Navarin Printanier, a most delectable lamb stew with its carrots, onions, turnips, potatoes, peas, and green beans, is presumably done in the spring when all the vegetables are young and tender. But as it can be made any time of the year, it is not a seasonal dish any more thanks to deep freezing. Frozen peas and beans are discussed on pages 449 and 466. The written recipe is long as each detail is important if the navarin is to taste like a French masterpiece. But none of the steps is difficult and everything except the addition of the green vegetables at the very end may be made ready in the morning. The stew can then be finished in 10 to 15 minutes just before dinner time.
With the stew serve hot French bread, and a red Beaujolais or Bordeaux wine, a chilled rosé, or a fairly full-bodied, dried chilled white wine such as a Mâcon, Hermitage, or one of the lesser Burgundies.
For 6 People
3 lbs. lamb stew meat
2 to 4 tablespoons rendered fresh pork fat or cooking oil
A 10 to 12-inch skillet
A fireproof covered casserole large enough to hold the meat, and all the vegetables to come
1 tablespoon granulated sugar
1 teaspoons salt
¼ teaspoon pepper
3 tablespoons flour
2 to 3 cups brown lamb- or beef-stock or canned beef bouillon
¾ lb. ripe, red tomatoes, peeled, seeded, juiced, and chopped (1 cup or pulp), or 3 tablespoons tomato paste
2 cloves mashed garlic
¼ teaspoon thyme or rosemary
1 bay leaf
6 to 12 peeled “boiling” potatoes
6 peeled carrots
6 peeled turnips
12 to 18 peeled white onions about 1 inch in diameter
1 cup shield green peas
¼ lb. or about 1 cup green beans cut into 1/2 –inch pieces
3 quarts boiling water
1 ½ tablespoons salt
Preheat oven to 450 degrees.
Cut the lamb into 2-inch cubes and dry with paper towels. The meat will not brown if it is damp. Brown a few pieces at a time in hot fat or oil in the skillet. As they are browned, place them in the casserole.
Sprinkle the lamb in the casserole with sugar and toss over moderately high heat for 3 to 4 minutes until the sugar has caramelized. This will give a fine amber color to the sauce.
Toss the meat with the salt and pepper, then with the flour. Set casserole uncovered in middle level of preheated oven for 4 to 5 minutes. Toss the meat and return it to the oven for 4 to 5 minutes more. This browns the flour evenly and coats the lamb with a light crust. Remove casserole and turn oven down to 350 degrees.
Pour out the fat; add 2 cups of stock or bouillon to the sauté skillet. Bring to the boil and scrape up coagulated sauté juices. Then pour the liquid into the casserole. Bring to the simmer for a few seconds shaking and stirring to mix liquid and flour. Add the tomatoes or tomato paste and the other ingredient (garlic, rosemary and bay leaf). Bring to the simmer for 1 minute, then add more stock if necessary; meat should be almost covered by liquid.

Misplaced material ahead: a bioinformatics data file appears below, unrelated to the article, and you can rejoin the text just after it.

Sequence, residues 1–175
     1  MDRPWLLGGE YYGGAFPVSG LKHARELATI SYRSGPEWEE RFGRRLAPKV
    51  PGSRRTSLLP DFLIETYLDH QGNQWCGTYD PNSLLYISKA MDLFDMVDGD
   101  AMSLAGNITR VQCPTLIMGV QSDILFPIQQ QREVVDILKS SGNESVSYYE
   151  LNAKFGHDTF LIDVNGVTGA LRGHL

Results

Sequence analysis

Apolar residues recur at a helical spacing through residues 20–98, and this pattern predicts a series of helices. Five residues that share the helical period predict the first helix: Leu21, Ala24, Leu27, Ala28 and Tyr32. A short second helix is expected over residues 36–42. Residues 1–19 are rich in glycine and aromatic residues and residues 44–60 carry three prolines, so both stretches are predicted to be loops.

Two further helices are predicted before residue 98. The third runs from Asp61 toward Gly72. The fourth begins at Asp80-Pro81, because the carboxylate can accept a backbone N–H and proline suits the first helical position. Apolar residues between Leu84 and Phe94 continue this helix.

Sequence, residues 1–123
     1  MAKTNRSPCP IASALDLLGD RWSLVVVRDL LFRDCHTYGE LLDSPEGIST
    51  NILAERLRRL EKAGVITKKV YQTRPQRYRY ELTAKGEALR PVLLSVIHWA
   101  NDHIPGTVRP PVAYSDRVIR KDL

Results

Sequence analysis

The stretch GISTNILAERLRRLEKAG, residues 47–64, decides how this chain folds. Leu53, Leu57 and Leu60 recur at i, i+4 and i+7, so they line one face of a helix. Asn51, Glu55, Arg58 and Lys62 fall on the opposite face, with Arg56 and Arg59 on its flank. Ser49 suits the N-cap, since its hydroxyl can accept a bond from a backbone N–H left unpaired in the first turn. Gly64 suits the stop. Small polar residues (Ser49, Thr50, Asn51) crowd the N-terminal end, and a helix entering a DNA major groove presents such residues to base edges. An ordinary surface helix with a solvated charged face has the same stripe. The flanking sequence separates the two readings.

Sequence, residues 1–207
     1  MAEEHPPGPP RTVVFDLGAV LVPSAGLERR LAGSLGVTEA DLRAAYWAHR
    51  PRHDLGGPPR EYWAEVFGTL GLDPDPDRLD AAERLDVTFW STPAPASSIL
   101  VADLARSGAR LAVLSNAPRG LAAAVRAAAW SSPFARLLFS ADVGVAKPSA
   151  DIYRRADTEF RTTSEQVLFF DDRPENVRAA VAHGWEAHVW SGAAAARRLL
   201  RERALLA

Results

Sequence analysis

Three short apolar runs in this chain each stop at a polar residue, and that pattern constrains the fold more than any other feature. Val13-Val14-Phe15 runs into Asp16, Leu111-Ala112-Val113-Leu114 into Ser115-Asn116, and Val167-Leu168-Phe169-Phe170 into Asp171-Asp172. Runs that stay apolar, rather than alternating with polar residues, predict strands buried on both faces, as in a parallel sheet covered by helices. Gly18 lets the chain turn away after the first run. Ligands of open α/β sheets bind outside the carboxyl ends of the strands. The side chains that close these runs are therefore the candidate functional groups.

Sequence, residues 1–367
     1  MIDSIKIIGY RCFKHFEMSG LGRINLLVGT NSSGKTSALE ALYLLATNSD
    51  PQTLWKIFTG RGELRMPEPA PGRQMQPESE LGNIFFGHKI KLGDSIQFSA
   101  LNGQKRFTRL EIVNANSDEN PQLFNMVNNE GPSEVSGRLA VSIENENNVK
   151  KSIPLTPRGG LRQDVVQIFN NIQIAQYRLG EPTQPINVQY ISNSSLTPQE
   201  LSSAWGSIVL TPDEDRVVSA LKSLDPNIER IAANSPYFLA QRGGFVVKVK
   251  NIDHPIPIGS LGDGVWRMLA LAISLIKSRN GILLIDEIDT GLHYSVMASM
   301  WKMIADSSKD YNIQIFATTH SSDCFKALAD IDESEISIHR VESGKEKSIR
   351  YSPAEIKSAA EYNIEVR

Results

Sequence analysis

Put the lid on the casserole and set in lower third of preheated oven; regulate heat so casserole simmers slowly and regularly for 1 hour. Then pour the contents of the casserole into a sieve set over a bowl. Rinse out the casserole. Remove any loose bones and return the lamb to the casserole. Skim the fat off the sauce in the bowl, correct seasoning, and pour sauce back into casserole. Then add the vegetables which have been prepared as follows:
While the lamb is simmering, trim the potatoes into ovals 1 ½ inches long, and cover with cold water until ready to use. Quarter the carrots and turnips, cut them into 1 ½ inch lengths, and, if you have the patience, trim the edges to round them slightly. Pierce a cross in the root ends of the onions so they will cook evenly.
Press the vegetables into the casserole around and between the pieces of lamb. Baste with the sauce. Bring to the simmer on top of the stove, cover and return to the oven. Regulate heat so liquid simmers slowly and steadily for about an hour longer or until the meat and vegetables are tender when pierced with a fork. Remove from the oven, tilt casserole, and skim off fat. Taste sauce again, and correct seasoning.
While the casserole is in the oven, drop the peas and beans into the boiling salted water and boil rapidly, uncovered, for 5 minutes or until the vegetables are almost tender. Immediately drain in a colander. Run cold water over them for 2 to 3 minutes to stop the cooking and to set the color. Put aside until ready to use. [May be prepared ahead to this point. Set casserole aside and cover askew. Bring to the simmer on top of the stove before proceeding with recipe.]
Shortly before serving, place the peas and beans in the casserole on top of the other ingredients and baste with the bubbling sauce. Cover and simmer about 5 minutes or until the green vegetables are tender.
Serve the navarin from its casserole or arrange it on a very hot platter.